I’d been in Disc-O-Rama for ages, so time to head off somewhere else. To Bleecker Street Records actually which confusingly is no longer in Bleecker Street, having relocated to West 4th Street a couple of years back. Disc-O-Rama had been very quiet but BSR, as I will refer to them from now on, was bigger and busier. Only a bit though, and one observation from today is that the Black Friday Record Store Day isn’t anything like the one in April. No queues, no mad panic to grab the rarity you are after. It’s very easy to pick up anything on the RSD list. It’s also interesting to note that bootleg recordings are prevalent in secondhand record shops in New York. I personally find it quite tedious when looking at used CDs having to flick through masses of these ‘unofficial’ releases with their dodgy artwork, but it’s a miracle that half these shops are still here, so I guess no one is bothered about ‘clamping down’ on such activity!
I’ll be honest and say BSR didn’t do it for me. It’s hard to articulate, why but I didn’t like the vibe of the place too much, the prices for used CDs were very high and although the owner let me film a Periscope video (not as good as the one I did earlier in the day) he wasn’t the friendliest. They did have all their Record Store Day stock out and had a wider selection that Disc-O-Rama, but it was pricier. The Say Say Say 12-inch was two or three dollars more, for example. I still bought a couple of records though: The Cardigans’ Long Gone Before Daylight reissue (a favourite album of mine – no, I don’t have the SACD!) and the Falco Rock Me Amadeus coloured vinyl seven-inch.
The highlight of the day was popping around the corner to the unassuming Record Runner.
I loved this place, since it specialised in 1980s pop, and in particular Duran Duran, a-ha, Tears For Fears, Madonna etc. Luckily (for me) it was very quiet because I chatted to owner John Pita for at least an hour about music. He has run the shop for 37 years and did a brisk trade in the early years selling British and Japanese imports. He was a very early champion of Duran Duran and some of the staff went out with the three Taylors in the very early years when no one knew who Duran Duran were. There is still loads of really interesting stock in the shop and John offered to go ‘out the back’ and bring out even more Duran Duran rarities (the shop is relatively small).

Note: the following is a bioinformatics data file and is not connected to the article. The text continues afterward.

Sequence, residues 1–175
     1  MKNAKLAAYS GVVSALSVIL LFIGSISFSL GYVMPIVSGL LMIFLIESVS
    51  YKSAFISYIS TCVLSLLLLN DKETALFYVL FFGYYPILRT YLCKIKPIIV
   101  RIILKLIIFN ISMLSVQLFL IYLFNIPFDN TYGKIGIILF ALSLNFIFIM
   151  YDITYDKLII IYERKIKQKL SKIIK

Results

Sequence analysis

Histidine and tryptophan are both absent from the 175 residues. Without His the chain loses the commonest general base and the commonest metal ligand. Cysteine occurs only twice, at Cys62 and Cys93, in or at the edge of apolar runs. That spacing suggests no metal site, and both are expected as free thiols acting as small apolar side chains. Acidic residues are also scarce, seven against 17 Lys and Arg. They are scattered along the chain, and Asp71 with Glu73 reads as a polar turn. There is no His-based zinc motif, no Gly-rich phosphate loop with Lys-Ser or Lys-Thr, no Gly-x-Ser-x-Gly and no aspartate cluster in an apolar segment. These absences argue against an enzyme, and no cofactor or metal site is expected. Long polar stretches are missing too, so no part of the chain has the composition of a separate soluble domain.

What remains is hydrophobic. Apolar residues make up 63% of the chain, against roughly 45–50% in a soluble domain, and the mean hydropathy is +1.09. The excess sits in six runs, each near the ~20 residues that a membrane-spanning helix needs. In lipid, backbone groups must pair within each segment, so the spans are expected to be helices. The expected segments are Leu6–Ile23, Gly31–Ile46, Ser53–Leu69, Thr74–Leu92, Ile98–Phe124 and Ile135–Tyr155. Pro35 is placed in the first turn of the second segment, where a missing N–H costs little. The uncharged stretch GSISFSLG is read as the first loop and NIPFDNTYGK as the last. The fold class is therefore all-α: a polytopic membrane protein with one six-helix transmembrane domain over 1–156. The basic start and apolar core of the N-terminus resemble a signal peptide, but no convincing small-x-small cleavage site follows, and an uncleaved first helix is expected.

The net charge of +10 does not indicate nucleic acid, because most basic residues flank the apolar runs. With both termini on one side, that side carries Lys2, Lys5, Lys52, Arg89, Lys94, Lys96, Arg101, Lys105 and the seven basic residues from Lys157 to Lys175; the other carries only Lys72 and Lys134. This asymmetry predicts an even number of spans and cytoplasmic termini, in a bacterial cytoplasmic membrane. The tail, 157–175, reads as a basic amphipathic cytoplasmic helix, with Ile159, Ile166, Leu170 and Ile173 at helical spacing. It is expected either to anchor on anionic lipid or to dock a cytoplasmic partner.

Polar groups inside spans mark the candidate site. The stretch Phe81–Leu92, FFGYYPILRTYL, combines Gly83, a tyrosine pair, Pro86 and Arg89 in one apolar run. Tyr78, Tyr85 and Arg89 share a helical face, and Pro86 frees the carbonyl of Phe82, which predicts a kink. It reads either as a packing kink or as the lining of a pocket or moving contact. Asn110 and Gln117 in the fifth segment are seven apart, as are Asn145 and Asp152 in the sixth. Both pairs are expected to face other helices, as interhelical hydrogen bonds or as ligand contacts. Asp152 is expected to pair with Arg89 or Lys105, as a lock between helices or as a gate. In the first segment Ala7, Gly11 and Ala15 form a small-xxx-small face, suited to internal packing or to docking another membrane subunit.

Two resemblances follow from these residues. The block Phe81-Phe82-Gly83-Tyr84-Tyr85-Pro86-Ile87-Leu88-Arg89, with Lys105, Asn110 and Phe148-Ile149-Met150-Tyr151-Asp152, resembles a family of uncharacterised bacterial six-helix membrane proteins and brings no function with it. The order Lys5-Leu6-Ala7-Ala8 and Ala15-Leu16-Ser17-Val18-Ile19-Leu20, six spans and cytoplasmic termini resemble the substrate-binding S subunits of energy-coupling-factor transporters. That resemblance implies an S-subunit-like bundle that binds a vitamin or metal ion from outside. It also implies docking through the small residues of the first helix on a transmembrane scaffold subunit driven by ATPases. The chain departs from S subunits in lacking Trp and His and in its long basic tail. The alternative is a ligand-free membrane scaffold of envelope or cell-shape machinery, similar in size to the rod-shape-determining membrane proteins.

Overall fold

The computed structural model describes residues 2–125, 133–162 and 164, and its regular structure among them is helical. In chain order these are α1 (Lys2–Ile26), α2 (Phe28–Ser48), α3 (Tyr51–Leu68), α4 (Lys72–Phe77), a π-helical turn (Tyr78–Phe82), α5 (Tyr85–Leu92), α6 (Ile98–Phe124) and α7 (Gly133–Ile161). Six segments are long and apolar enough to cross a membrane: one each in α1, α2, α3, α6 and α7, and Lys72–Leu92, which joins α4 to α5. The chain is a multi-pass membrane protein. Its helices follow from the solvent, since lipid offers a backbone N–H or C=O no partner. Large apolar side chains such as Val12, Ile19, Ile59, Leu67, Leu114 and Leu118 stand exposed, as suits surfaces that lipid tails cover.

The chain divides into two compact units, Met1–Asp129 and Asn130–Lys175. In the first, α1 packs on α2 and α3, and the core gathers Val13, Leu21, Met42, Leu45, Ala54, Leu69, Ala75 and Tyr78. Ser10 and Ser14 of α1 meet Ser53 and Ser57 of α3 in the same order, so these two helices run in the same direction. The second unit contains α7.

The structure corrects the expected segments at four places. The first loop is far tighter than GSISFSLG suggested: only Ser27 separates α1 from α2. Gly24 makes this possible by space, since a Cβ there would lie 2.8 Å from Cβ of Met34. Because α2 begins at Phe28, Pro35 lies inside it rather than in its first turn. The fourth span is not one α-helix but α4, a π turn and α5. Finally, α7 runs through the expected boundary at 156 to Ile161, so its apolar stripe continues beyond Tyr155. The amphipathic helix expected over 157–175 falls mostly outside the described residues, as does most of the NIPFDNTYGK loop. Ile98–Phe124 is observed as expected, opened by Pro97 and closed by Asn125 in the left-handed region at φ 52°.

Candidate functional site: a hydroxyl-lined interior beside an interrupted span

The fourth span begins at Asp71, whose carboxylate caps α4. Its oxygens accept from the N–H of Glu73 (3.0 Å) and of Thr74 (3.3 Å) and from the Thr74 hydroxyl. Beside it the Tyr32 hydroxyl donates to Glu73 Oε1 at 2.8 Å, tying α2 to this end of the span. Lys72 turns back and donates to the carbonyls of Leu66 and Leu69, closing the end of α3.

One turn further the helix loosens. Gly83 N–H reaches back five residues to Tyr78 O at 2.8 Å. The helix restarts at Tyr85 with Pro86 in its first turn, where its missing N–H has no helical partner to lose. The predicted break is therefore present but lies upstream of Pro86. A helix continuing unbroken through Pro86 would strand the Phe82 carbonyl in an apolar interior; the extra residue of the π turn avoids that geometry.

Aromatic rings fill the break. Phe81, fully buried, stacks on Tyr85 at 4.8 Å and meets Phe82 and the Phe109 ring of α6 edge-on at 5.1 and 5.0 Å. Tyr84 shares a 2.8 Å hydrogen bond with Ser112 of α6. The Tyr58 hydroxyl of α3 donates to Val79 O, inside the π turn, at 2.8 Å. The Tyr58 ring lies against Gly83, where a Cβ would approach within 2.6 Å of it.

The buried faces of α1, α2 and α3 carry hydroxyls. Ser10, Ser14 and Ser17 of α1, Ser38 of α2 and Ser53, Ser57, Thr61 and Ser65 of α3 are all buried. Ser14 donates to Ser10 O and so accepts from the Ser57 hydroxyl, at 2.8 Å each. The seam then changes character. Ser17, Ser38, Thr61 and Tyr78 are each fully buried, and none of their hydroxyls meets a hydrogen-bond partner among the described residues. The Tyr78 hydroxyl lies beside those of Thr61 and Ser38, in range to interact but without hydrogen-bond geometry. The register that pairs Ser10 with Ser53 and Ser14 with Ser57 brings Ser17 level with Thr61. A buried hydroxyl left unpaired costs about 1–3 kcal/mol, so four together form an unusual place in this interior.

Record Runner is located on Greeenwich Village’s Jones Street, location of the famous cover shot of The Freewheelin’ Bob Dylan. I have no shame, so when John offered to take my photo posing with album cover in hand, in more or less the exact location that Bob and his girlfriend Suze Rotolo were standing, I wasn’t going to say no!
The shop is very much part of the community and David who now runs the Rebel Rebel record shop used to work there. As did Lori Majewski, who went on to co-write that Mad World book.
I said goodbye to John and by this time I was famished since it was mid-afternoon and I’d not eaten since breakfast. That would be it for independent record stores for one day, but lots more to see tomorrow.
Later, I would stop off at Barnes & Noble on Union Square just to see what music they carried. The shop is similar to the old Borders and they have a reasonable selection of CDs and vinyl, including some exclusive McCartney vinyl editions of the Tug of War and Pipes of Peace reissues that come with seven-inch singles. I wasn’t tempted, but did pick up a couple of those Disney Legacy editions (Toy Story and Mary Poppins) which form part of the Legacy Collection box set and Neko Case‘s Blacklisted on orange vinyl.
Check back tomorrow for day four of my New York diary.